Peele replied not-so-tongue-in-cheek, "The answer is yes. Yes, you do."

I believe I have avoided spoilers here. I write today because I continue to have discussions with a congregation member about this film 4 days later. Get Out has become part of my continuing quest to hear, read, watch, and tell a good story.

Thursday, March 2, 2017

Meeting Diverse Adult Learners (Part 1?)

Maslow's Hierarchy of Needs

At every church I've ever served, I have taught classes covering the Bible, spirituality, several of the social sciences, theology, vocation, stewardship, and even current events. In 18+ years of ordained ministry, in many ways I have enjoyed these opportunities more than leading worship. Maybe it is because I have not crossed the worship space barrier of impromptu communication between leader and congregation. I'm not that edgy. I like trying new things. But I can't have EVERYTHING be new. Newness abounds for me in the congregation I serve. Not revolutionary, necessarily, but it is new to me.

I do not teach classes in my life as a pastor in a church anymore. While I enjoy the preparation, I had too many classes where either one or two people attended, or none at all. Regardless of my principles of the nobility of the subject matter, I could not justify investing so much time in my own interests, let alone in when I discovered in what others have interest. This does not seem to bother the leaders of the congregation. Some of my older members lament that many do not show up to classes. For other leaders, they did not think I should take offense, but rather the tradition (probably not that long of one) of the church offering programmatic classes was not something that people were looking for in a church.

The relationship between church and teaching has always existed, but how should it exist? I have spent much time and reflection on why classes don't seem to work at my congregation. I have a few theories and circumstances to share. My job does not hang on carrying these things out, but it does matter that exploration continues in maintaining personal integrity.

  • I have several career military families in the congregation. In speaking with military chaplains, congregational life is not necessarily a priority for the U.S. military. Occasionally it happens, but it is not because of any particular sense of mission. Therefore congregational life in a broad sense is not reinforced by my military-oriented households.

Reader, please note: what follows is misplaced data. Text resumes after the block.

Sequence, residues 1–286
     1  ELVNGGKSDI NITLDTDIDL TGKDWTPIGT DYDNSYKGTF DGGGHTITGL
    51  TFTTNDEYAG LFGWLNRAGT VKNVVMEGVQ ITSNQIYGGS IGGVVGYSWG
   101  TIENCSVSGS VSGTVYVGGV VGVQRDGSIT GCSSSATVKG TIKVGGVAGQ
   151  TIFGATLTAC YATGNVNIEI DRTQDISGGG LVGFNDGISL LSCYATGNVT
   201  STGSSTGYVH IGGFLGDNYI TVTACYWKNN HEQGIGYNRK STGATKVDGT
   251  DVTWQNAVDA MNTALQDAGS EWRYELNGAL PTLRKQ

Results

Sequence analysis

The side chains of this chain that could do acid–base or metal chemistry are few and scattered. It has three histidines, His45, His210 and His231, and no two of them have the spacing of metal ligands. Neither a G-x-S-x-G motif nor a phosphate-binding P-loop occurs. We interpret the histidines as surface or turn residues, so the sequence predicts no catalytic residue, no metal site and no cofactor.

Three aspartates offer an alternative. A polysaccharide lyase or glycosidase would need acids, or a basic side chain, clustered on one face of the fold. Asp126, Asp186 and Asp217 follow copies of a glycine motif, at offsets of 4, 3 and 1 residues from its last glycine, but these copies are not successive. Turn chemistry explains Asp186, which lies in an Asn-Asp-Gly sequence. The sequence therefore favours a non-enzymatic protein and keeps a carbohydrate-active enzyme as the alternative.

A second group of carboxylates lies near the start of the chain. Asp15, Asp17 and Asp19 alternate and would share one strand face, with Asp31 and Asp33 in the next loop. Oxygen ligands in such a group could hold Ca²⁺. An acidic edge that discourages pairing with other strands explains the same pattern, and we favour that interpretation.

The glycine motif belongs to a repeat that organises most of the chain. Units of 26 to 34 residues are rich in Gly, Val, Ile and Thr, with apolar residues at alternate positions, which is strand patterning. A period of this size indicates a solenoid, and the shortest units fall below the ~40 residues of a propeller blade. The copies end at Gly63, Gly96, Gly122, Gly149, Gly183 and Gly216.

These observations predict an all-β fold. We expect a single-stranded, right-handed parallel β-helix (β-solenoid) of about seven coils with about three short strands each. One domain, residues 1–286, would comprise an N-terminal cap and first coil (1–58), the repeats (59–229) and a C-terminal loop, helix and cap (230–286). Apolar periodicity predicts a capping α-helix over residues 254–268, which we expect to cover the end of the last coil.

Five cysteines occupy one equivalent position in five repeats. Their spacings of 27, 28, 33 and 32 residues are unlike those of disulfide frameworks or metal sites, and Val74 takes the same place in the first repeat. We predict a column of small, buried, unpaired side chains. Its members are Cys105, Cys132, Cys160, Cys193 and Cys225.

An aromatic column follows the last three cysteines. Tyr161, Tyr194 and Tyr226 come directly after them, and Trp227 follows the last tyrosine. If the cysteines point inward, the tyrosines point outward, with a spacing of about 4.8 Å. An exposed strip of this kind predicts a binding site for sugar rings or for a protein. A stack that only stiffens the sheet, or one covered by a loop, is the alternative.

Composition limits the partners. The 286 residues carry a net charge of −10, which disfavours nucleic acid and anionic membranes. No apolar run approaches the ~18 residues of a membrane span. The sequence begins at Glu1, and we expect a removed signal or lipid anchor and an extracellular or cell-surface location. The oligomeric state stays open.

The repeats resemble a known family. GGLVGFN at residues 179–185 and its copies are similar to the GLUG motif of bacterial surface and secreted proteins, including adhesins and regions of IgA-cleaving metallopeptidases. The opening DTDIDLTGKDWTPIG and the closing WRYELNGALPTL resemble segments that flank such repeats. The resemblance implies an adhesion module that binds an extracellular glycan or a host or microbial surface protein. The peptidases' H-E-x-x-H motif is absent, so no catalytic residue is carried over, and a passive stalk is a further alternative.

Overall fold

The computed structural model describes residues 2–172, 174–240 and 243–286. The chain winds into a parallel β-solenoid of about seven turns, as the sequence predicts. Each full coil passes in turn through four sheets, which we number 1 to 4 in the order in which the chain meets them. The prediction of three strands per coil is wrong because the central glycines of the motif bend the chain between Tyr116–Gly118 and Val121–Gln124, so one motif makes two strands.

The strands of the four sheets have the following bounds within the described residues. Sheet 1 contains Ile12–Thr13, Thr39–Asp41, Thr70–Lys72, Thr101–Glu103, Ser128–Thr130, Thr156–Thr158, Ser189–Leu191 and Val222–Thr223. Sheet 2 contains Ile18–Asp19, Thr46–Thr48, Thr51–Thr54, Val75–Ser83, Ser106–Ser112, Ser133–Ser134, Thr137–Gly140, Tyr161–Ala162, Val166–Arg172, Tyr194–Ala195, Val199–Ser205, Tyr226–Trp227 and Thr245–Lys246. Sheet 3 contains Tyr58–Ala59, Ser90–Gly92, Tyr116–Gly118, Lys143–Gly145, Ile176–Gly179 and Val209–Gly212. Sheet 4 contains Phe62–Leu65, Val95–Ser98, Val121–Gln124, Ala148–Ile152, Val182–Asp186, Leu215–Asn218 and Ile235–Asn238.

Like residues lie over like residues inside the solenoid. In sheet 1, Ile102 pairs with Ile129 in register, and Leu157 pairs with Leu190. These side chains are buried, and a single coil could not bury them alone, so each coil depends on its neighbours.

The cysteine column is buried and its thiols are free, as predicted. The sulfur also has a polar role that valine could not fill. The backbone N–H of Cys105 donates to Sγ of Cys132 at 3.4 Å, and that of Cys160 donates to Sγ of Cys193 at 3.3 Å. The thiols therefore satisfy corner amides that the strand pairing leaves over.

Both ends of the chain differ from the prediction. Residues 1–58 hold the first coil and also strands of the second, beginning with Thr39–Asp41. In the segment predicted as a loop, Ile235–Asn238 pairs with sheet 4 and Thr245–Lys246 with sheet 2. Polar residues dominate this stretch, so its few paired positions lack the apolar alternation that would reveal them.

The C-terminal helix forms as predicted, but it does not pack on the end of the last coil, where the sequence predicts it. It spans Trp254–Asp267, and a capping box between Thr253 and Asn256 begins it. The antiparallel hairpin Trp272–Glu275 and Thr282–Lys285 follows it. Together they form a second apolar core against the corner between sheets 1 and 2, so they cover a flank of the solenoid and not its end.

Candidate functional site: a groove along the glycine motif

• People invest less time in community endeavors (think Robert Putnam's "Bowling Alone"). When the budget of time is trimmed, sometimes it's congregational life that sees the cut.
  • I have many people in the congregation who live on significantly different levels on Maslow's Hierarchy of Needs. Sometimes classes in congregational life are more about self-actualization than the personal/household safety concerns that many people I know have. I have been lectured by some people not in my congregation that people need the word of God as much as they need bread. Regardless of whether that is true, I am not going to manipulate people with forcing them to take a Bible class in order to get fed. I know ministries that do this, and I refuse to work like that.
  • My congregation is the most diverse I have ever served. We have many first generation immigrants. We have people who live in poverty. We have people who live here a short time because of military itinerancy. I also have people with multiple years of graduate education. The biggest category of people is empty nesters. They are invested in the life of the church, but they are often gone. It is challenging to gather such a diverse group of adult learners. 

What I have realized is that I never really had these challenges in the demographically similar congregations I served in the first 12-13 years of ministry. I am glad to have these challenges.

I am thankful for anyone who shares their own experiences in an evolving church related to adult learning, or could point me to particular resources that could be helpful. On top of all of this, I am part-time. I have to be strategic about where I invest my time. I am not afraid to fail, or let go of something that is not working, but I also can't operate like the Parable of the Sower and throw seed around haphazardly.